Iain Thomson: I may not be Apple’s biggest fan but Woz is a legend and deserves the number two spot. He’s a painfully shy man still, with only a deep love and understanding for technology. As he himself has said, if he hadn’t met Steve Jobs he’d probably be living alone, with a small cubicle at HP where he would craft elegant devices and code.

He is still for many the king geek but if you look at how long he actually stayed in business his effect over the last few decades has been relatively minimal, as he has devoted himself to teaching and other projects. Nevertheless, the man is a giant in a world of technological pigmies.

3. Sir Tim Berners-Lee

Iain Thomson: It is not an exaggeration to say that if it wasn’t for Berners-Lee you might not be reading this article.

Berners-Lee, while at CERN, developed the basic protocols of the World Wide Web, initially just for internal use. But when the brilliance of the invention became clear he devoted his life to its growth and spread, even if he did make a few mistakes along the way (see Geek 5).

Had he patented his invention Berners-Lee would probably have wealth equalling that of a small country. Instead he gave it away, recognising that profiting from something like this would inhibit the growth of a technology that had the potential to revolutionise human affairs.

Some younger readers may not remember a world without the internet but those of us who do recognise the enormous changes it has wrought. The world would be a poorer place, both intellectually and financially, without it.

He’s still active in nurturing his invention, against internet monitoring by ISPs and a of net neutrality. He’s also working on the next generation of the internet, the semantic web.

Shaun Nichols: Sometimes it can be hard to comprehend the scale to which certain technologies can influence the world. The tens of billions of dollars in commerce which stemmed from Berners-Lee's work is simply mind-blowing.

It's also a testament to the work done by CERN and its benefits to the rest of society. Had it not been for the LHC, most people would not have the slightest clue about the organization and what it has done.

4: Seymour Cray

Shaun Nichols: Perhaps nobody was more influential in the advent of supercomputing than Seymour Cray. From ERA to Control Data Corporation to Cray Research, his designs became the backbone systems of laboratories like Livermore and Los Alamos. Many of his innovations became basic concepts for supercomputer design.

Legend has it that at the age of ten, Cray used an erector set to construct a Morse decoding tool. Later in his life, Cray spent his free time redesigning the logic circuits for his computing systems.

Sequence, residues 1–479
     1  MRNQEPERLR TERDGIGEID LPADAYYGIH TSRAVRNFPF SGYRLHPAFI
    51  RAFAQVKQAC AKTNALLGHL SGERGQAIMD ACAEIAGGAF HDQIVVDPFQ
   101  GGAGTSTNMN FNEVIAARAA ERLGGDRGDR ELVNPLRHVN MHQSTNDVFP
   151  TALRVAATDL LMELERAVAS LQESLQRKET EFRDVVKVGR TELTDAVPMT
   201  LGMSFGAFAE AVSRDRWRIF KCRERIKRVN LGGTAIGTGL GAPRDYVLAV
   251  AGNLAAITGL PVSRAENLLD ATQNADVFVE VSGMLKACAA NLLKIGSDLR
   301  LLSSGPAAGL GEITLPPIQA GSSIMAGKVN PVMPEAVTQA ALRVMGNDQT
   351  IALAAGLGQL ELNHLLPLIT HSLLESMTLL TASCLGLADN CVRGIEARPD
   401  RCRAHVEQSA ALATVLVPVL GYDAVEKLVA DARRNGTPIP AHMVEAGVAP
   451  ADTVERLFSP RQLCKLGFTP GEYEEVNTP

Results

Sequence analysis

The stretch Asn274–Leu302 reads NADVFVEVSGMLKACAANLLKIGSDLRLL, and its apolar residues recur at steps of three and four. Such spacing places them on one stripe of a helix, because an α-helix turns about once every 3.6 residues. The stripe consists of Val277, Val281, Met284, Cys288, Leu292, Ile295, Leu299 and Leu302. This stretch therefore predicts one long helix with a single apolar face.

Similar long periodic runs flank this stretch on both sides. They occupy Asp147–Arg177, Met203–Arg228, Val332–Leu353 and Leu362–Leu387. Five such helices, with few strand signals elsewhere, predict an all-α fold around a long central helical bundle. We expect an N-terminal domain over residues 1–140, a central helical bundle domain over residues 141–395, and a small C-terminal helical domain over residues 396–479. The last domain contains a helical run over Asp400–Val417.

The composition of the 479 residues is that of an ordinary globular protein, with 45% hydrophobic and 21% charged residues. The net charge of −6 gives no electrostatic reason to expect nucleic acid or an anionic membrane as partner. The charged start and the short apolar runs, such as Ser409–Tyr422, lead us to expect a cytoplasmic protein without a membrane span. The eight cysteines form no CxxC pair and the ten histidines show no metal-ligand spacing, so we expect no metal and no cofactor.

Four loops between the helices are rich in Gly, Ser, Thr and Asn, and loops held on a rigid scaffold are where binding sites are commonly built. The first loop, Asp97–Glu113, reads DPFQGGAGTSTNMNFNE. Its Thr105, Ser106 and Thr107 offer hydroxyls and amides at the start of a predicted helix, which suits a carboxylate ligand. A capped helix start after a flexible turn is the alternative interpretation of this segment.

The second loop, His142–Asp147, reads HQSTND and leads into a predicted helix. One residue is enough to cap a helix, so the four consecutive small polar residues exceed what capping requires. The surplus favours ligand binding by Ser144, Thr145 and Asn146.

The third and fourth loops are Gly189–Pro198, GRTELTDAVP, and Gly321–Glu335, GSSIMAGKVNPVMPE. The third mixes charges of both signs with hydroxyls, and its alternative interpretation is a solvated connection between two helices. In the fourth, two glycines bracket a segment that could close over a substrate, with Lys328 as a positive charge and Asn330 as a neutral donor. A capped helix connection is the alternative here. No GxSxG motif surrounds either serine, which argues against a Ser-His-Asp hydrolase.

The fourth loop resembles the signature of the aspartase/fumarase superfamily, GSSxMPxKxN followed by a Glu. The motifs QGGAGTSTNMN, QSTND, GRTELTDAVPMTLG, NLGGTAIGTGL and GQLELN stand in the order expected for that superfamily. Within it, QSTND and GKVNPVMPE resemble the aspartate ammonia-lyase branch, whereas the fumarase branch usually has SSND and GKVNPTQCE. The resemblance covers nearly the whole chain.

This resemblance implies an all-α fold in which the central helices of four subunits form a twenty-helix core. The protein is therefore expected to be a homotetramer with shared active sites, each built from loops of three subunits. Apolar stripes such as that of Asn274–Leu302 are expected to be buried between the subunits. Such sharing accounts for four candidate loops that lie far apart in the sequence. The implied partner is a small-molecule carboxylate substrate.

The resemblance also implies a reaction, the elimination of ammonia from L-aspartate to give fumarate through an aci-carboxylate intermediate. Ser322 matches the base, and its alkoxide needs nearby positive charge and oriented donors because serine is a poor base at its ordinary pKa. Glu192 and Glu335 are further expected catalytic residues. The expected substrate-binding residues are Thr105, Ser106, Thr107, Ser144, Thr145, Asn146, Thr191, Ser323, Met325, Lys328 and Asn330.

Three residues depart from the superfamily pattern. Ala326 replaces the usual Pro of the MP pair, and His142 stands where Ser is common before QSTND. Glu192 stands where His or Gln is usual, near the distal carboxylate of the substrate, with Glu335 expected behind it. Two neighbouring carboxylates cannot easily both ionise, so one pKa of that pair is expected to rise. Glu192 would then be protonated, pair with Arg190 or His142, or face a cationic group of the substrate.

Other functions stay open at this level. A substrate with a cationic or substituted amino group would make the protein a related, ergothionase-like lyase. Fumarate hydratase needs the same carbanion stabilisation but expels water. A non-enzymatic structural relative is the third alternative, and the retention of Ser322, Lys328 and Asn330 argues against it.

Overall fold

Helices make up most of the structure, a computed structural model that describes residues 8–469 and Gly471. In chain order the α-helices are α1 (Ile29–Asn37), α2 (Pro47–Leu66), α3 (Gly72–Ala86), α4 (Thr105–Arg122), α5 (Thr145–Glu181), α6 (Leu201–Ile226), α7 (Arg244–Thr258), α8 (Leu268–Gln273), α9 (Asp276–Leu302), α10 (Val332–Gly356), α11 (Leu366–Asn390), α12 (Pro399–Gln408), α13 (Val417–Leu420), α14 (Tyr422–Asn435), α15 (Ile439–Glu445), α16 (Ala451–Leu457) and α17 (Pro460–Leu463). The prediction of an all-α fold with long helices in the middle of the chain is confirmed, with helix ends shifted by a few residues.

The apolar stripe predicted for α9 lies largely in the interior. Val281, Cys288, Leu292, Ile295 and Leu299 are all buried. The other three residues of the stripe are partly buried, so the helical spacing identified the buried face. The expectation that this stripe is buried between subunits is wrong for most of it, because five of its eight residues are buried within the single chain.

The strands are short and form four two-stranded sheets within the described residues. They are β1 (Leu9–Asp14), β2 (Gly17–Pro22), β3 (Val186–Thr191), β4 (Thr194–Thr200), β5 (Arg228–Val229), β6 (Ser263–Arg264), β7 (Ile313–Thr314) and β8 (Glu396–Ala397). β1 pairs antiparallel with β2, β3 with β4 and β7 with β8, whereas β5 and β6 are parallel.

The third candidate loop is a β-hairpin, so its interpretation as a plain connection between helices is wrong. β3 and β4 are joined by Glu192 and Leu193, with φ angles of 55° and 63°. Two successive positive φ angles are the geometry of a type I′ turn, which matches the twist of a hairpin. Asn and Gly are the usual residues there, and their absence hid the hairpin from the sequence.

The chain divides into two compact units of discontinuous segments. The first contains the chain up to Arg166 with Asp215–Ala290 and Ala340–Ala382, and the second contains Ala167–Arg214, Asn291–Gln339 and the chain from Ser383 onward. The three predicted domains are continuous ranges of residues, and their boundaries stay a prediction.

Iain Thomson: Cray is similar to many on this list in that he was never happy at the head of the company. The true geek never is, because there’s so much to distract you from the really important stuff – doing it better than anyone else.

Although his machines were often seen as the backbone of the military/industrial complex they were more often used for good. We would be lacking many great medical treatments and materials, or even unaware of the changing climate, without his machines.

5: Marc Andreessen

Iain Thomson: Marc Andreessen, with Eric Bina, was responsible for the first mass market web browser, Mosaic.

As an unassuming computer student he learned of Berners-Lee’s invention and decided to design a browser that would make the internet easier for people to use. This led to a brief conflict with Berners-Lee, who was peeved that Andreessen had included the ability to view pictures online, as he thought it should be for text only.

Mosaic was developed into the Netscape Navigator browser and for years was the de facto application for accessing the internet. It so terrified Microsoft that Redmond was forced into a dirty war against it that would later see the software giant fined hundreds of millions of dollars.

Since the crushing of Netscape Andreessen has devoted himself to a series of new start-ups, each with a good idea, and each bought up by other companies. He lives the life of the itinerant geek, but his name on a speaker’s list will bring admirers by the thousand.

Shaun Nichols: Andreeson may be considered one of the more successful geeks on this list, even despite getting run out of town by The Borg.

He more than most truly seems to embrace and appreciate his position, and he's not afraid of a good spot of publicity. Marc Andreeson is that rare mixture of computer geek ingenuity and CEO ambition. Unlike others on this list, he has not only a knack for developing great products, he also has the ability to turn them into a solid business plan… for the most part.